Confessions of a Writer

Saturday, May 24, 2014

I spent an hour at an antique bookstore booth and bought absolutely nothing.  I couldn't find a single thing I wanted.

Which is true.  But I could find about twenty-five things I wanted—and even that was hard to narrow down.  It's quite pitiful, really, that my love of pretty much all the beautiful old books kept me from getting any.  Oh well.

Also, said antique bookstore booth was featured at the FPEA homeschool convention, which really just goes to support the "You Know You're a Homeschooler If...".

So now, it's the end of yet another week, meaning that I've only been home from college for two weeks!  I think that the older I get, the more time flies by.

Well, it's now a good time for an update.

Reading: The Book Thief by Markus Zusak.  
I've had my eye on this book for quite some time.  When I got home, my sister had bought it and it was sitting, still unread, on our library bookshelf.  I must admit, I was nervous to read it because of all the buzz about the story and the new movie.  Usually, I find that when books are too hyped up, they don't live up to expectations.

This one does.  I can honestly say that Zusak's writing style is one of the best I've seen in quite a long time.  It's a style I normally see in short stories, but it's not as common in novels.  If you haven't read it, do.

Writing: The Time Racers
Still.  The manuscript greatly improved this week, I will say.  I'm becoming more comfortable with steampunk as a literary aesthetic and I've done quite a bit of extra research to meticulously check my facts.  (Did you know they didn't use forks in 1666? Neither did I.)

So, good news!  The proposal is done. The synopsis is (finally) finished.  And the manuscript sits now at 96,000 words awaiting word.  I'll keep you all updated!

Fun Project: Life in the Gray
Another confession: Short stories used to be my arch nemesis.  I hated them.  My mind conceived long books, with backstory and detail.  Write a whole story in five pages?  Impossible.  But I have fallen back in love with the short story and the ability it gives you to step into a world and jump right back out.  It's rather refreshing.

So my new short story is called Life in the Gray.  It's about a guy and a girl who meet in an art museum and learn more about each other as they explore the exhibit halls.  I began writing this while sitting in an art exhibit called "Visualizing Suffering and Sacrifice" which was a viewing of Roualt's Miserere Series.  Needless to say, the paintings were depressing.  But it was somehow beautiful.  This is what I tried to tackle in the story.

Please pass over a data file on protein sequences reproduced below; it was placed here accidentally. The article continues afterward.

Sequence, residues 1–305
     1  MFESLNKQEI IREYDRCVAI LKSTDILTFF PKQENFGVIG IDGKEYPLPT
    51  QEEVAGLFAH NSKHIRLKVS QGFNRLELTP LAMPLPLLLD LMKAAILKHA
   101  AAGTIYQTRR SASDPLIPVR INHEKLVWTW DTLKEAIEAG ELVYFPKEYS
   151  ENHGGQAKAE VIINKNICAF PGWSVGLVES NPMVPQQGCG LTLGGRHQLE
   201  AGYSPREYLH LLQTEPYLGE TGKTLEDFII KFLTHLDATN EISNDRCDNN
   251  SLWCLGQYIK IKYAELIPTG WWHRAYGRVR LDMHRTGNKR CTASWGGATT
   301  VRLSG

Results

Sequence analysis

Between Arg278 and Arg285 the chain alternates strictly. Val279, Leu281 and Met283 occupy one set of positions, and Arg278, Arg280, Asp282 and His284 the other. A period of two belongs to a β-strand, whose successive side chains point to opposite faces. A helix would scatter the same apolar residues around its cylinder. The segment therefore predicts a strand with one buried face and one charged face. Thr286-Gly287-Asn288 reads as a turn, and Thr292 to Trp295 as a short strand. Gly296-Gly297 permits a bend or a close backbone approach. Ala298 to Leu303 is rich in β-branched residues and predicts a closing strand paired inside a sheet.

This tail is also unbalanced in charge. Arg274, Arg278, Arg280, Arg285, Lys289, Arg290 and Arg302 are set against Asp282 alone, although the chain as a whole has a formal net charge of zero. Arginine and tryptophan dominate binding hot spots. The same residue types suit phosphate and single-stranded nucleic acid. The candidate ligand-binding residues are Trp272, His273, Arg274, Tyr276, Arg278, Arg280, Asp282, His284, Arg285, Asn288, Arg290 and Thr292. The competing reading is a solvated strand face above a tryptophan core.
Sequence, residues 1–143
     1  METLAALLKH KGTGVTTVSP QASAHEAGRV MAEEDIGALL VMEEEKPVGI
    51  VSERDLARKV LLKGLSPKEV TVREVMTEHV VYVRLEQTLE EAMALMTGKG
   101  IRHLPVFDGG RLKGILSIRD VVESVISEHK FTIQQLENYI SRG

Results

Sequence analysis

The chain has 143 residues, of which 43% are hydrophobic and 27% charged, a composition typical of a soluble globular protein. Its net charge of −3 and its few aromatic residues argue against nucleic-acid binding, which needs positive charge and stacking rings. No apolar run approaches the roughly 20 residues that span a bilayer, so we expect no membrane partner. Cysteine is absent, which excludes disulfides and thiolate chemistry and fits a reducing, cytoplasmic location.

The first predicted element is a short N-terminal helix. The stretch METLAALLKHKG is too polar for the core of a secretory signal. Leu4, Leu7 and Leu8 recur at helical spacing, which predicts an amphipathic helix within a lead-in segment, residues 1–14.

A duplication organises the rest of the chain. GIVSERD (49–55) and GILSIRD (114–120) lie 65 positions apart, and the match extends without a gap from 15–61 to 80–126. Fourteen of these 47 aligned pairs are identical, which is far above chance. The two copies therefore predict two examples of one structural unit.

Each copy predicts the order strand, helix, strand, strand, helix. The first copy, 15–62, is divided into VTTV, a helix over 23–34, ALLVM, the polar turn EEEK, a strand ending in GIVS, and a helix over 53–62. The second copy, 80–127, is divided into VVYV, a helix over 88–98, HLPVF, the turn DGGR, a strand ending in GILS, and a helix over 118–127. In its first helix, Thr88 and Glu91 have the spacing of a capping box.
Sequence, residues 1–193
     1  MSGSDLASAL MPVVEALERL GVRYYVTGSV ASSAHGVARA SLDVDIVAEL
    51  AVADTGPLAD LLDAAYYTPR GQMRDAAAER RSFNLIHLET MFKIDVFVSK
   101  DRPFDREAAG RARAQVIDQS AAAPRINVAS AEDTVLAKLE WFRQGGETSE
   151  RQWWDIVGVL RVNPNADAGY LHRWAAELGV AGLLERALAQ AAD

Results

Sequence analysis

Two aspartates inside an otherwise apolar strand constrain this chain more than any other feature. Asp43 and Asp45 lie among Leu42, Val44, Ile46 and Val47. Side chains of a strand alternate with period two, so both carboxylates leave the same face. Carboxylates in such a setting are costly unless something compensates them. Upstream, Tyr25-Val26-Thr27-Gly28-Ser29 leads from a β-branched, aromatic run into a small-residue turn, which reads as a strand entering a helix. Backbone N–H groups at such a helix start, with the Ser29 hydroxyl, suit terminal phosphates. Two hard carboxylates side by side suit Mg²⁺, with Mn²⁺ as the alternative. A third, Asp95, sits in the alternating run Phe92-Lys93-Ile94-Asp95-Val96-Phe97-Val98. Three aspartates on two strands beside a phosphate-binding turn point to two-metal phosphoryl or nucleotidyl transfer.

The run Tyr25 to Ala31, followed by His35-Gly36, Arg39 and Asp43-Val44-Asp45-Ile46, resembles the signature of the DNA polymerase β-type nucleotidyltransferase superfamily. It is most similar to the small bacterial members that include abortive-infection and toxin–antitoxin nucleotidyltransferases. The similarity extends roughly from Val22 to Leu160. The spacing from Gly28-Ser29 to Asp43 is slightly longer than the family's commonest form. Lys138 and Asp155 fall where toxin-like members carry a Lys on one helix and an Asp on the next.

Short excerpt:

The walls were all gray—but not charcoal, more chalky like dimming clouds—and the floor was an inky granite.  All along the walls there were prints and paintings, each one similar in tones with graphite pencil or blotches of paint blurred to make different hues.  One after another, they created a line around the room in a monochromatic tapestry of art.

“I like this room least of all,” said Demetria, surveying it all. “But I always come here.  It means everything to me.  It’s oddly inspiring.”

Drake looked more closely at the art pieces.  Most of the subjects were distorted and grotesque bodies, anguished or tortured souls.  Depictions of death or hell, or at least his version of hell. The faces were abnormally shaped, as if Picasso had given the artist a personal lesson, and the bodies were disproportionate with heads too big, arms too long and muscles limp.  They looked passive and hapless.  “This is you,” they seemed to say.

He was about to ask why she liked this exhibit so much, but Demetria spoke without prompting.

“It’s like a prayer,” she said simply.  “The art is.  It’s the desperate praying to something divine to make sense of our mess.”

“It looks sad,” said Drake.  “Depressing”


For such a spritely girl, Demetria was strangely intrigued by the melancholy.

“Do you pray?” he asked.  What an absurd question.  But she was staring at a painting of a crucifix with a hungry earnestness.  

“To what?”  She leaned forward.   Her cherry nose was only inches from the thick globs of paint, ashen gray, in layers that merged to create a mangled corpse hanging from its wooden post.
“Look at this,” she said.  “What does it tell you?”

Drake saw nothing but ugliness and he told her so.

“You don’t see it then,” she said simply, stepping away with a light dancer’s stride. 

People in stories become real to me.  It's like they whisper the narrative of their lives into my ear and entrust me to write it down.  I can't quite describe that feeling, but it's the honest to goodness truth.

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  1. Gah! The Book Thief is one of my favorite books ever. So glad you are reading it now! Zusak's command of language is stunning. I love to read a sentence then sit back and savor it for a while. If I could write half as well as that...

    And yes, characters do become real to me too. I have had characters revolt and take over a story to the point where the original protagonist gets booted completely out of the story. The farther I venture into the writer's life, the more I realize that I am discovering the story, not creating it.

    1. Thanks, Rebecca! I am so enjoying this book and I am constantly amazed by his use of language in ways I would never expect.

      And I love what you said about discovering the story, not creating it. That's so true!

  2. I totally feel what you said at the end! It's like the characters are just begging me to write their stories, so I do.

    I'm reading the fifth Harry Potter book right now, and Mark of Athena by Rick Riordan. They're both pretty good.

    Alexa Skrywer

    1. I feel the same way!!

      And I've never read any of the books by Riordan...but I know I really should!